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Predictors of all-cause mortality among patients hospitalized with influenza, respiratory syncytial virus, or SARS-CoV-2

Hamilton MA, Liu Y, Calzavara A, Sundaram ME, Djebli M, Darvin D, Baral S, Kustra R, Kwong JC, Mishra S. Influenza Other Respir Viruses. 2022; May 24 [Epub ahead of print]. DOI: https://doi.org/10.1111/irv.13004


Background — Shared and divergent predictors of clinical severity across respiratory viruses may support clinical and community responses in the context of a novel respiratory pathogen.

Methods — We conducted a retrospective cohort study to identify predictors of 30-day all-cause mortality following hospitalization with influenza (N = 45,749; 2010-09 to 2019-05), respiratory syncytial virus (RSV; N = 24 345; 2010-09 to 2019-04), or severe acute respiratory syndrome coronavirus 2 (SARS-CoV-2; N = 8988; 2020-03 to 2020-12; pre-vaccine) using population-based health administrative data from Ontario, Canada. Multivariable modified Poisson regression was used to assess associations between potential predictors and mortality. We compared the direction, magnitude, and confidence intervals of risk ratios to identify shared and divergent predictors of mortality.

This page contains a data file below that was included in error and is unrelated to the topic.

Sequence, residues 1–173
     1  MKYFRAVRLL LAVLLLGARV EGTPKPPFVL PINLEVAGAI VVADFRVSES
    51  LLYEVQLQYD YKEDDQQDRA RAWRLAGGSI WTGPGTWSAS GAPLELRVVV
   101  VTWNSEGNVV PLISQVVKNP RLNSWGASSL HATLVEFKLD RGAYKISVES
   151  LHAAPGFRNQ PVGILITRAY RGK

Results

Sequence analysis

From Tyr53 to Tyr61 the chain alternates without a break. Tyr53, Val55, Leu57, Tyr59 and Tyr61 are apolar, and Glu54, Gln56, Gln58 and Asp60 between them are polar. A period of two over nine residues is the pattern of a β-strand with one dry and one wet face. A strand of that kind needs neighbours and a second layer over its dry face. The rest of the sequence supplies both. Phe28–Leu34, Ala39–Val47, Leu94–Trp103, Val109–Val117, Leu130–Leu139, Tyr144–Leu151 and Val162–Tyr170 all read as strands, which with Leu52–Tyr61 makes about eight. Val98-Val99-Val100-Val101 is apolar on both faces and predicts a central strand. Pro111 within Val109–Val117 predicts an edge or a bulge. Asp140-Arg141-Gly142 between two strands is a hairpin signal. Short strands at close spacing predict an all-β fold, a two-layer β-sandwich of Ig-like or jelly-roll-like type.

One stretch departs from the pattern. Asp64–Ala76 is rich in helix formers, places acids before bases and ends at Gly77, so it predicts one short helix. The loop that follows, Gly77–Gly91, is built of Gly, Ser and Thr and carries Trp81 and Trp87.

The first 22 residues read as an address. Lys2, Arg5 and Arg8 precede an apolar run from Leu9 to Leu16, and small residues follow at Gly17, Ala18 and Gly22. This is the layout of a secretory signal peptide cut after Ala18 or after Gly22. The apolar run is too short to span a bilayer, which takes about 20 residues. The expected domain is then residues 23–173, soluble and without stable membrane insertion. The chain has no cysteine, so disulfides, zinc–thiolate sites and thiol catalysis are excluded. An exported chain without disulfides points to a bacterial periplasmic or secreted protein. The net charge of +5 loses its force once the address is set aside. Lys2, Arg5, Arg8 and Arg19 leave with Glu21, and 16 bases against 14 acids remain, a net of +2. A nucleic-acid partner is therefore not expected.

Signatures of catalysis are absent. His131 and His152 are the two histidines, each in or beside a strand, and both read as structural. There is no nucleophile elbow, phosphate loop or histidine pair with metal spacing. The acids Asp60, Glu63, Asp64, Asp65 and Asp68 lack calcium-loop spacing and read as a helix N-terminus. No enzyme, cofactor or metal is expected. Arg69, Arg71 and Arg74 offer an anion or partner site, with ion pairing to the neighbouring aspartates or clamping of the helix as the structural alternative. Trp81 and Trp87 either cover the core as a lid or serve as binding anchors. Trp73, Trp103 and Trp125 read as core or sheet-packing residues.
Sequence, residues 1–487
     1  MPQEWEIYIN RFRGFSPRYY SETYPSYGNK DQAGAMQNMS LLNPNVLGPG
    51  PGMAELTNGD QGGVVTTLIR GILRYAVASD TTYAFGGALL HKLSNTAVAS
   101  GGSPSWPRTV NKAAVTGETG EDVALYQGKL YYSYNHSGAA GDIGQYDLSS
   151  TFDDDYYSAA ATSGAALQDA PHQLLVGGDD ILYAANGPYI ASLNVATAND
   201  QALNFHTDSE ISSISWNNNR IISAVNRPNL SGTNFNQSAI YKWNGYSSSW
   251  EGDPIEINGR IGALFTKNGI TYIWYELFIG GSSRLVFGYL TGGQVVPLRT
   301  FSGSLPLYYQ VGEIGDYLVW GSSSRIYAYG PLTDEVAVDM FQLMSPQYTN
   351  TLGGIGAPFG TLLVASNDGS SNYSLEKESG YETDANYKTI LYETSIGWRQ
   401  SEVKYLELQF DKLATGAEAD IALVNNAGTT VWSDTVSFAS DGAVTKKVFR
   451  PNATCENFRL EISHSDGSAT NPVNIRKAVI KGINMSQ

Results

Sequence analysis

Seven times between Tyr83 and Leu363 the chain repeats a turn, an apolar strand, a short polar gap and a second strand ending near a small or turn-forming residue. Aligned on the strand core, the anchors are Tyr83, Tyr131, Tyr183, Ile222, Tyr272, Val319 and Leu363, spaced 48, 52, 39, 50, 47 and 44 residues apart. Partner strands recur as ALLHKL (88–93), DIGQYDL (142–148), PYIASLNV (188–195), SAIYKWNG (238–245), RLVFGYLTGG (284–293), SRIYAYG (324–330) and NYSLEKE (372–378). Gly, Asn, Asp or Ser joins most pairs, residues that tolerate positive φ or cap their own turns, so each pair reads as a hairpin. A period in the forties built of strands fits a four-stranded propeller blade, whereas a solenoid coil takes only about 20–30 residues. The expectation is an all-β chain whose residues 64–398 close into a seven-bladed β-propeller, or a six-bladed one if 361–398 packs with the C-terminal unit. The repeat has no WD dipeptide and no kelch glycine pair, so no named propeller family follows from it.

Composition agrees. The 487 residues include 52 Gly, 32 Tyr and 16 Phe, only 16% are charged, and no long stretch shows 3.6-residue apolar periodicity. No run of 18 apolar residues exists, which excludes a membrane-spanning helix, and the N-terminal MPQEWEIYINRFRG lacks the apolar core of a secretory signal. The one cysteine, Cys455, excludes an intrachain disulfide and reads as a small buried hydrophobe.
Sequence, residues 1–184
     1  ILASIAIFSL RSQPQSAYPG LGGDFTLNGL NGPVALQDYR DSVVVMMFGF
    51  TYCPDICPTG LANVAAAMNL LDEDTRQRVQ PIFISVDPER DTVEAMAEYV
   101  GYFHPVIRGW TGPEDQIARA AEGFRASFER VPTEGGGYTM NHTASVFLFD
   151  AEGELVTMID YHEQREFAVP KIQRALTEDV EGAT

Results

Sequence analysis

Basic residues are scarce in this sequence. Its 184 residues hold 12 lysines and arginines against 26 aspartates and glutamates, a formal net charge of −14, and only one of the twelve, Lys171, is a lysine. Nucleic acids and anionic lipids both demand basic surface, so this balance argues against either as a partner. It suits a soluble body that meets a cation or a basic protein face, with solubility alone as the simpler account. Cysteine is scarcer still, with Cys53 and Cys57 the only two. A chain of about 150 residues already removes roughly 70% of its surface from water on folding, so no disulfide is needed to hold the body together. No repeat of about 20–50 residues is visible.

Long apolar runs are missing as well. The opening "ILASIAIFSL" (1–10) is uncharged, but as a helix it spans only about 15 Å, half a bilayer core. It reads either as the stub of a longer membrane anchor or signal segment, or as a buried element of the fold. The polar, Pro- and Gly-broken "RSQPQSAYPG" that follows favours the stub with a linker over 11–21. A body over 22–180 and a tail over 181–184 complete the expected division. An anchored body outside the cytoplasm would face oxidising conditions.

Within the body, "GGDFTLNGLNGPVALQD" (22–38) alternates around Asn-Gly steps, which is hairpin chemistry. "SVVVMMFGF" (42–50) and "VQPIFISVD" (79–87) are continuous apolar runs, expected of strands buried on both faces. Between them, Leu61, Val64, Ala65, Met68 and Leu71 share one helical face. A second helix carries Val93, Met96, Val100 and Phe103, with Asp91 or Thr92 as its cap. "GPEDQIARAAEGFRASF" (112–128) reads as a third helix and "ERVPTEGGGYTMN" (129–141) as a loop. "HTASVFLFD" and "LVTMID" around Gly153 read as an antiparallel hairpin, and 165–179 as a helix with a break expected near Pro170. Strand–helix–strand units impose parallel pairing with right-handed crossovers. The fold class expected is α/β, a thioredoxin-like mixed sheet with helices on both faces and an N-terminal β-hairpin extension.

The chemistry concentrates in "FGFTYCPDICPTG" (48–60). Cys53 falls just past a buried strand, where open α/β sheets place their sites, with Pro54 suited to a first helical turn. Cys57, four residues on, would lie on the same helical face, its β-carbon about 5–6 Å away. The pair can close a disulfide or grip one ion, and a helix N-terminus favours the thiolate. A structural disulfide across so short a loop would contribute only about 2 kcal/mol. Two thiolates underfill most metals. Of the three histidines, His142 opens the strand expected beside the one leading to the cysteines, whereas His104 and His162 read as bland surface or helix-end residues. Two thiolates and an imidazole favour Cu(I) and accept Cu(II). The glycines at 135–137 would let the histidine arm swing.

Results — A total of 3186 (7.0%), 697 (2.9%), and 1880 (20.9%) patients died within 30 days of hospital admission with influenza, RSV, and SARS-CoV-2, respectively. Shared predictors of increased mortality included older age, male sex, residence in a long-term care home, and chronic kidney disease. Positive associations between age and mortality were largest for patients with SARS-CoV-2. Few comorbidities were associated with mortality among patients with SARS-CoV-2 as compared with those with influenza or RSV.

Conclusions — Our findings may help identify patients at greatest risk of illness secondary to a respiratory virus, anticipate hospital resource needs, and prioritize local prevention and therapeutic strategies to communities with higher prevalence of risk factors.

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